This past Earth Day, our family signed a contract to install 24 solar panels on our roof. It took a few months, but they are now turned on and we haven’t paid an electric bill since. In fact, the surplus has paid our gas bills, too. Minnesota actually has some great incentive programs for solar energy, like the Made in Minnesota plan. If you install panels made in Minnesota, you’ll get back 25 cents for every kilowatt hour you produce. If you can’t put solar panels on your roof, you can invest in a community solar array. One company sought out UBC’s roof for one of those community solar arrays, but apparently solar panels are incompatible with 95-year-old slate roofs. Dagnabit. Did you know that Minnesota has more sunny days than Houston Texas? We average 4.5 hours of sunshine per day, only half an hour less than Florida, which has garnered the nickname ‘the sunshine state’. Minnesota also enjoys more sunlight on an annual basis than Germany or Northern California. God knows that we say that we’ll take a sunny winter day when it’s zero outside than a cloudy winter day when it’s 20. It feels warmer, or at least more hopeful.
Gold is beautiful. The sun is beautiful.
Interfaith Power and Light is developing a program called Just Community Solar which seeks to spread the solar benefits to low-income pockets of our community. It also seeks to train low-income residents in this growing energy field. Imagine a growing job sector of sun harvesters on church buildings and community grocery stores.
I hope you get some time to be outside in this golden time of harvest. This morning, I picked a cucumber from our garden. It had been green, but now it is a golden color. Perfect for pickling. I’ll take some of this wonderful vegetable and enjoy it in the winter. Canned golden peaches taste like summer whenever you eat them. I’ll make some applesauce to enjoy that color as well.
So what does this have to do with us in the coming months? Well, just this. Remember when people say there is no God, just have them look at the sun and remind them that the heavens are telling the glory of God.
The sun rises on the good and the bad. God rises on us day in and day out pointing us in the direction of beauty and joy. The point is to help other people feel that same joy, that same beauty. How can we do that?
Let’s look at what the Psalm tells us: There is order to the world. We ought not to try to go against the natural order. You can see it in the heavens. Every time we have tried to do something that damaged the earth or the earth’s people, then we got ourselves out of balance. The result is damage to our world, damage to our relationships, wars and rumors of wars.
The Psalmist says that this natural law is perfect. It revives the soul. It makes us wise. It enlightens us. The ways of God are even better than gold, sweeter than honey and the drippings of the honeycomb. This means that the sun is just a symbol of God. It is not God, for God is even greater than gold, sweeter than honey. God is as reliable as the sunrise, and as sweet.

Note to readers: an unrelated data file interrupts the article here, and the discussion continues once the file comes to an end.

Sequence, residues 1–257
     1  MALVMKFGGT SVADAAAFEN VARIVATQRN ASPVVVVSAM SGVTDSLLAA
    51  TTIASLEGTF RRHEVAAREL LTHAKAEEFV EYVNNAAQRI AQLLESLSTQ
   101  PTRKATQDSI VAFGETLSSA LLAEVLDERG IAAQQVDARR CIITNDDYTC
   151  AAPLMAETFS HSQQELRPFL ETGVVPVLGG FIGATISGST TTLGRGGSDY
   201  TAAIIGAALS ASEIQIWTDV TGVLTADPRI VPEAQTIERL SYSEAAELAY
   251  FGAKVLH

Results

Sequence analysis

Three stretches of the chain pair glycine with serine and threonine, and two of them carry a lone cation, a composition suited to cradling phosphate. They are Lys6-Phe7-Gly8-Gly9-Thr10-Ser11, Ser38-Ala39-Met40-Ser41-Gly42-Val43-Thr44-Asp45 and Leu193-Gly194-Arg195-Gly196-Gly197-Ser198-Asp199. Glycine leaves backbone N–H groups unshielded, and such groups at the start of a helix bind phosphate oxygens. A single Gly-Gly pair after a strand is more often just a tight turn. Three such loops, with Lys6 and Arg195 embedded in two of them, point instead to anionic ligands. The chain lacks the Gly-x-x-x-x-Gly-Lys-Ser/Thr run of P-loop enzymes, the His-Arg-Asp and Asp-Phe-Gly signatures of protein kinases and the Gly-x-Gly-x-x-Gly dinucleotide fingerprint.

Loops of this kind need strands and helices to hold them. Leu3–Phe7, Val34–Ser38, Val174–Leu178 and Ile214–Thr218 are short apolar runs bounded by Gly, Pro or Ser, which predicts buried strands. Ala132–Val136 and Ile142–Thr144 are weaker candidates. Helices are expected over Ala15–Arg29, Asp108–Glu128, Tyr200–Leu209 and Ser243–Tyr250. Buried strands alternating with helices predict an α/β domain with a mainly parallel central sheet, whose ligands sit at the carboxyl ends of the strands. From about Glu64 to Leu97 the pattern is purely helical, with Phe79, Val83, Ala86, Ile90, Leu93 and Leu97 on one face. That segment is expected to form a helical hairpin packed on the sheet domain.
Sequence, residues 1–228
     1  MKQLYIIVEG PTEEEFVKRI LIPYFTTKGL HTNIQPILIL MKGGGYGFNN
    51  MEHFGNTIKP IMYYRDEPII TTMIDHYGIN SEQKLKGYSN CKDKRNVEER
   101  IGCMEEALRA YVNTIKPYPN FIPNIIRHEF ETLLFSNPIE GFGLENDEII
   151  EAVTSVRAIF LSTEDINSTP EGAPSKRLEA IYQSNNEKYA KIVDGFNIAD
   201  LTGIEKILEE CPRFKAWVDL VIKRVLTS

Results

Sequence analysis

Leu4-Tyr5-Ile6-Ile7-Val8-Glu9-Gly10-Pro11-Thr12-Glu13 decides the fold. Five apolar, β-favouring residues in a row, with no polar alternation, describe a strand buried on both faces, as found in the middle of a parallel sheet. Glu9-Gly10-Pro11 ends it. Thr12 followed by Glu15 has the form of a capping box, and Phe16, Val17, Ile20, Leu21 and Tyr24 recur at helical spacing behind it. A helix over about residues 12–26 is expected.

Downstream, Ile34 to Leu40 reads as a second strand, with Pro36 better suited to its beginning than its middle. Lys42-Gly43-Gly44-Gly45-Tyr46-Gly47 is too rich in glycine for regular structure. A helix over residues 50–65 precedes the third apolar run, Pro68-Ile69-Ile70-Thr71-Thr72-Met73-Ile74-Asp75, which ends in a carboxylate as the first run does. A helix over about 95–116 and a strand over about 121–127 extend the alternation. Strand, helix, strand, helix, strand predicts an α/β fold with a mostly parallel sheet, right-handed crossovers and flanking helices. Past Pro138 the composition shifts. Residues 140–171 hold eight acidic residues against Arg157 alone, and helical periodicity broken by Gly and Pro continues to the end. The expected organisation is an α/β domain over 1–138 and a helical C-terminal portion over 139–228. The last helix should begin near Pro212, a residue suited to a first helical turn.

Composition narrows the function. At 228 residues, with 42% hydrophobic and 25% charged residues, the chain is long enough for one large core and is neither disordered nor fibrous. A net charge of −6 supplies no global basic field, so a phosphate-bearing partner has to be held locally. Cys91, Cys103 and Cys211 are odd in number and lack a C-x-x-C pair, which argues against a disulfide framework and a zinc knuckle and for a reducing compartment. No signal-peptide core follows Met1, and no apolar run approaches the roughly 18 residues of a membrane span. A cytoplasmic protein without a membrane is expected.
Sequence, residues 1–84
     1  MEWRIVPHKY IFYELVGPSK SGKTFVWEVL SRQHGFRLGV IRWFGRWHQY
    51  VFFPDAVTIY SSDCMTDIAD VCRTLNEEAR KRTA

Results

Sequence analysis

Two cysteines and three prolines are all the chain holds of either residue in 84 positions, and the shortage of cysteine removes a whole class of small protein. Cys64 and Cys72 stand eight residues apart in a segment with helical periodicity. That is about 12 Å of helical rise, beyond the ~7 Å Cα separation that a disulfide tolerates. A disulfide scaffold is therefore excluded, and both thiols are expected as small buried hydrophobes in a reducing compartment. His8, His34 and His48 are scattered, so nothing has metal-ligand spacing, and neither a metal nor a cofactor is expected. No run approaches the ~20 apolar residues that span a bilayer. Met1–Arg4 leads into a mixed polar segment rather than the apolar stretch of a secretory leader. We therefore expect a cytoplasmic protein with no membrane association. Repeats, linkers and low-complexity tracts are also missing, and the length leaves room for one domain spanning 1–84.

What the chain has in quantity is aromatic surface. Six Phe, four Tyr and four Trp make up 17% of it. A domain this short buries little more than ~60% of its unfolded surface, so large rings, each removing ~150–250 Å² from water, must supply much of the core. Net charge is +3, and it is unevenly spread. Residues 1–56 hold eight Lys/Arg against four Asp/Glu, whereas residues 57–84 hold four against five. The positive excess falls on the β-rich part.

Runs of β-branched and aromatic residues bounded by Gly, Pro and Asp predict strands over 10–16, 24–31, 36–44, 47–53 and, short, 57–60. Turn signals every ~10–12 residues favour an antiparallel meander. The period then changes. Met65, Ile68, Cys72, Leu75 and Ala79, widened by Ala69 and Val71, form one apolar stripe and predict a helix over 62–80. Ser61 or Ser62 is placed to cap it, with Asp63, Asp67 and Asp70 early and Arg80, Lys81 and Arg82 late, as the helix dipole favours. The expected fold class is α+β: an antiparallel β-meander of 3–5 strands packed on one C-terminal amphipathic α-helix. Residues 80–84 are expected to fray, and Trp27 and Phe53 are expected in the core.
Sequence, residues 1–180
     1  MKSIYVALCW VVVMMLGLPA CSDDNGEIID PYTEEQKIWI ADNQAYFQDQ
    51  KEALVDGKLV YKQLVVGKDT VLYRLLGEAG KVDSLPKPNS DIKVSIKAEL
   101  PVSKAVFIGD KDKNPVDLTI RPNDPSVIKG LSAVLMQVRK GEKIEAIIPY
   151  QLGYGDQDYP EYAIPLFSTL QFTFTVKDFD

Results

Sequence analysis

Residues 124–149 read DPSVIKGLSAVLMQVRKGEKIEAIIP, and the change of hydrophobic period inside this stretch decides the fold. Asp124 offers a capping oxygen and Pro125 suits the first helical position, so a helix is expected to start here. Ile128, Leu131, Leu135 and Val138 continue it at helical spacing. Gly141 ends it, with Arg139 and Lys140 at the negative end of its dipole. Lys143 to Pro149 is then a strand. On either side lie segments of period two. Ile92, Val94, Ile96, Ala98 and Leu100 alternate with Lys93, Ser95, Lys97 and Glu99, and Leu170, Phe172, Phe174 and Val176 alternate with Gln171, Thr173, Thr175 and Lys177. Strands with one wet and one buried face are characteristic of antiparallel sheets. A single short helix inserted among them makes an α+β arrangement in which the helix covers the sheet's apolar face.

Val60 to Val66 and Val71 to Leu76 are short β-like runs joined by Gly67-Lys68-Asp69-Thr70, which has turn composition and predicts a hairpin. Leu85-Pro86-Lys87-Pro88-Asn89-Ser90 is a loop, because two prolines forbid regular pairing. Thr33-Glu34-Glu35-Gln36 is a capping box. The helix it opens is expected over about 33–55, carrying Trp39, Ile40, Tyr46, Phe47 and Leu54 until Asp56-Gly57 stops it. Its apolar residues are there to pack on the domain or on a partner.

The psalmist goes on to say that as the golden sun penetrates our homes, So does God see us all, including our faults. Those things we’d prefer to keep hidden in the dark. God sees it all and calls us to embrace the light.
I like what Wendell Berry said: “Love is what carries you, for it is always there, even in the dark, or most in the dark, but shining out at times like gold stitches in a piece of embroidery. ”
Imagine stitching gold into the tapestry of our lives. Gold is that joyful color that enlivens our souls. Plants bend toward the sun, as do our lives. So why not sew some gold into your lives. That gold can be the healing words of scripture. They can be the nurturing words of a close friend, the beauty of music. The joy of sacred memory, the good times as well as the bad times. Each mood has its own color, so say the mood rings of the 1970’s. But maybe the gold can be the glory of God, the joy of jumping in a pile of yellow leaves, the abandon of a sunset over a lake. They are all reminders that the harshest times are not the final answer. God is as constant as that gold thread.
Weave some golden thread in to the tapestry of your lives. It will make all the difference. For Gold is beautiful.
Let me close with a poem by J.R. Tolkien. You may recognize it from the Lord of the Rings:
All that is gold does not glitter,
Not all those who wander are lost;
The old that is strong does not wither,
Deep roots are not reached by the frost.
From the ashes a fire shall be woken,
A light from the shadows shall spring;
Renewed shall be blade that was broken,
The crownless again shall be king.
Sisters and brothers, seek out that which brings light and joy to our world. In response to God’s presence in your life, be the golden thread that weaves its way in to the lives of those who need it most.
You will be the evidence that gold is beautiful.